Well, I contacted Mallard today and put this discrepancy to him. He seemed unfazed, explaining that he’d attended Wainuiomata Primary School, been a foundation pupil at Wainui’s Wood Hatton School (a school, ironically, that  he closed down when he was Minister of Education) and had shifted to Khandallah during his Form I year. He came back to Wainuiomata later, he said. “And you also went to Onslow College?” I asked. “Yes I did.” He added that he had relatives in Wainuiomata and a long family history there.

So where does this leave us? Since his school attendance is a matter of public record (and I can’t imagine he would risk telling fibs about something so easily checked), we can only conclude that he has been rather selective in highlighting his Wainuiomata background while playing down his more privileged antecedents. While you could take the moral high ground and argue that this isn’t 100 percent honest, from a pragmatic point of view I suppose it’s simply smart politics.

Thursday, April 26, 2012


It’s hard to imagine a more pleasant or appropriate place to observe Anzac Day than the charming little village of Tinui.

It was here, 40 minutes’ drive east of Masterton on the Castlepoint road, that the world's first Anzac Day ceremony was held in 1916, when Anglican vicar the Rev Basil Ashcroft held a service in the tiny Church of the Good Shepherd (still in use) before leading a procession up nearby Mt Maunsell to erect a permanent memorial.

But that’s not the only quality that makes Tinui a special place in which to remember New Zealand’s war dead. The picture-book setting also provides an idyllic backdrop, since the little settlement has been proudly preserved largely as it might have looked 90 years ago.

Tinui was then the centre of a prosperous farming area, and it must be a very long time since it last experienced the sort of crowd that gathered in front of the war memorial hall yesterday. I estimated the number (very roughly) at about 1000, ranging from small children – there were lots of family groups – to gnarled old veterans in blazers and berets.

The service was simple but moving. We stood in brilliant sunshine as local schoolchildren recited the names displayed on the small memorial in front of the hall. Thirty-six locals died in the First World War and 12 in the Second.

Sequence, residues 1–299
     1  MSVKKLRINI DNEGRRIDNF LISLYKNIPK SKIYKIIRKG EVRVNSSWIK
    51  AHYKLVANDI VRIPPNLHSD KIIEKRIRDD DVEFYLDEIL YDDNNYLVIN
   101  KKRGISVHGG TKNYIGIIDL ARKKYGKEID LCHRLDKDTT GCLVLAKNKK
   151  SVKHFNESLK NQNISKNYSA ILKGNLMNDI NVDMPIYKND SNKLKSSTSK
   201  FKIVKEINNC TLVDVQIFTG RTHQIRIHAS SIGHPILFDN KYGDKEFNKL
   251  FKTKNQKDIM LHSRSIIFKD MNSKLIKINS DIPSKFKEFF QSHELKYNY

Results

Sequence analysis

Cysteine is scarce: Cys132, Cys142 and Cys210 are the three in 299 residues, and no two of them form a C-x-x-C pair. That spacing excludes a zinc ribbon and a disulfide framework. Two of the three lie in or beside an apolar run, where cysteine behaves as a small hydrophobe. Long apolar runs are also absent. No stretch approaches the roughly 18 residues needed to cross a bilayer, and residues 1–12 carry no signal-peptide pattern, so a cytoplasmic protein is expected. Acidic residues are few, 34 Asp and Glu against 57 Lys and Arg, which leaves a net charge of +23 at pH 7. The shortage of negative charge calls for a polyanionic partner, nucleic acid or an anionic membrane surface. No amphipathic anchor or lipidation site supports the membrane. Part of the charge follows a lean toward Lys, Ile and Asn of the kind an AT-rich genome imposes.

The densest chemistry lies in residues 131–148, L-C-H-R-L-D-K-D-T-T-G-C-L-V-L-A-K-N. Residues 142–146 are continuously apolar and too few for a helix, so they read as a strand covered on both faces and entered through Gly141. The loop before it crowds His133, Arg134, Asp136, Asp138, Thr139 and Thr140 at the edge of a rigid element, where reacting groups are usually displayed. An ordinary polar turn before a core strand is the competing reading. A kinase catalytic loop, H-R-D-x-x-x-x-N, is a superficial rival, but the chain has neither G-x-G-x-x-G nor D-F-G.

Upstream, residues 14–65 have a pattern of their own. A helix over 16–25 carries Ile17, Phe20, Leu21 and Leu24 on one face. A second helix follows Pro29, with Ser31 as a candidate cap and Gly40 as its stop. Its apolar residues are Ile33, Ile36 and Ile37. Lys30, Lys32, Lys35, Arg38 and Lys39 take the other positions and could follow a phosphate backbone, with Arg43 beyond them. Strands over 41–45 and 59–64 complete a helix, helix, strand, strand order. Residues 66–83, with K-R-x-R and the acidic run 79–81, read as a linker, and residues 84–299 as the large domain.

It’s hard to imagine the impact these deaths must have had in what was then a remote, sparsely populated area. Among those killed in the 1914-18 war were two lots of three men with the same surnames – cousins if not brothers.

Emily Wellbrock of Tinui led the crowd in the singing of the national anthem, in Maori and English. A chorus of tuis in a clump of kanuka trees across the road obligingly chimed in.

We sang a couple of hymns too, accompanied by Mrs Val Mellish on a piano that had been wheeled out into the sunshine.

Colonel Paul Curry of the Royal New Zealand Engineers delivered a thoughtful speech in which he reminded us that Gallipoli, although not a military victory, was a triumph of valour. He acknowledged that the Turks had made an immense sacrifice too, and pointed out that Gallipoli formed part of the national identities of three countries: Turkey, New Zealand and Australia.

Col Curry went on to quote the Greek general and orator Pericles, who said (and I hope I took this down correctly) that freedom is the possession only of those prepared to defend it.

Several prayers were recited and then, as we stood in silence, we heard the distant rumbling of aircraft engines. Right on cue, three First World War biplanes – I presume they were replicas built by the Vintage Aviator, which is based at Masterton’s Hood aerodrome – appeared over the hills to the south and flew low overhead. I don’t mind admitting that the combination of the glorious autumn morning, the historical significance of the place, the reverence of the crowd – and yes, the tuis too, just to remind us that this was a uniquely New Zealand experience – produced one of those lump-in-the-throat moments.